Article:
The largest Greek telco, OTE, has a new subsidiary Cosmote payments with a plain vanilla topup card. But what is more interesting is to watch what OTE does with their dormant insurance license and their newly acquired full banking license.

Opportunity via Fintech

The low hanging Fintech opportunity in Greece lies in alternative funding for SMEs. Greece is one of the few EU countries that lacks a crowdfunding and P2P lending framework.

The Greek government needs to launch a Digital ID platform borrowing design elements and tech from Estonia and India. Combining this with a basic regulatory reform for alternative lending, would be a short and long-term strategic move. In a traumatized economy that is recovering from foreign investments in real estate, Digital identities and access to alternative funding would make magic.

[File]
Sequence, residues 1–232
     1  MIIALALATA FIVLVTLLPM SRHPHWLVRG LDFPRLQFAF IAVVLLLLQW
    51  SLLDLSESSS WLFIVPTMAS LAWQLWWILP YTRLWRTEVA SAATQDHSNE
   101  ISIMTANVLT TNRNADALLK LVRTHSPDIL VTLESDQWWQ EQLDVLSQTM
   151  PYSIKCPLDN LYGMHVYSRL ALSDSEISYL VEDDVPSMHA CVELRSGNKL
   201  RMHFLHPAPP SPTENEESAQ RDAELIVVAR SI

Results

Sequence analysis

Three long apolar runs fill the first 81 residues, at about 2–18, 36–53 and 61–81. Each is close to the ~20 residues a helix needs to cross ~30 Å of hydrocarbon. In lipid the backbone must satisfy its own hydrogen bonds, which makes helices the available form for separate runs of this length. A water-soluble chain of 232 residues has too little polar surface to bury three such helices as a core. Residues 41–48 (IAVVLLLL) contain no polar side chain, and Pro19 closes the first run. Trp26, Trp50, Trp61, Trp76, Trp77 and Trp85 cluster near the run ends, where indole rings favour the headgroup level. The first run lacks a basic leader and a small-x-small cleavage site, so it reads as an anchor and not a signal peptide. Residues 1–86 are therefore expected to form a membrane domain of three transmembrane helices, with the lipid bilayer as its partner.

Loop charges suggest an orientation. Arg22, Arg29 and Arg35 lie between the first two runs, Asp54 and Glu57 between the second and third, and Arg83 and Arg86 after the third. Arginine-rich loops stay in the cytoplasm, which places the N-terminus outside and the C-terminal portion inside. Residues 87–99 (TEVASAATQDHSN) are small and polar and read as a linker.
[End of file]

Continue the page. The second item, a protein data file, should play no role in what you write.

[1] Anna Diamantopoulou, has served in the Greek parliament for 11yrs and as European Commissioner for Employment, Social Affairs and Equal Opportunities (1999-2004). She has served as Minister of Education, Lifelong Learning and Religious Affairs and as the Minister of Development, Competitiveness and Shipping. She active in several European think tanks.

Efi Pylarinou is a Fintech thought-leader, consultant and investor.